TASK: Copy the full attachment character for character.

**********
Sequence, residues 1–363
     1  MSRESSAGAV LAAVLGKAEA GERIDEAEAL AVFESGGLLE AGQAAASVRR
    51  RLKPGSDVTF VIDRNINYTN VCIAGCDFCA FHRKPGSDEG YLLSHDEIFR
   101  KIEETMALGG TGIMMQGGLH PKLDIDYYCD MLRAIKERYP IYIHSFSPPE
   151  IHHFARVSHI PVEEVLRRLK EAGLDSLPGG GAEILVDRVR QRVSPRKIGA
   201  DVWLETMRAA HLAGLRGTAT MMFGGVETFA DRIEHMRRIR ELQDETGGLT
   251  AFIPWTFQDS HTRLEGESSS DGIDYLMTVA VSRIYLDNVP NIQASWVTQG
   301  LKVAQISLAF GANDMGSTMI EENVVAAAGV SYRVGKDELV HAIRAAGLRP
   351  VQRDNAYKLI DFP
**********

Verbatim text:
Sequence, residues 1–363
     1  MSRESSAGAV LAAVLGKAEA GERIDEAEAL AVFESGGLLE AGQAAASVRR
    51  RLKPGSDVTF VIDRNINYTN VCIAGCDFCA FHRKPGSDEG YLLSHDEIFR
   101  KIEETMALGG TGIMMQGGLH PKLDIDYYCD MLRAIKERYP IYIHSFSPPE
   151  IHHFARVSHI PVEEVLRRLK EAGLDSLPGG GAEILVDRVR QRVSPRKIGA
   201  DVWLETMRAA HLAGLRGTAT MMFGGVETFA DRIEHMRRIR ELQDETGGLT
   251  AFIPWTFQDS HTRLEGESSS DGIDYLMTVA VSRIYLDNVP NIQASWVTQG
   301  LKVAQISLAF GANDMGSTMI EENVVAAAGV SYRVGKDELV HAIRAAGLRP
   351  VQRDNAYKLI DFP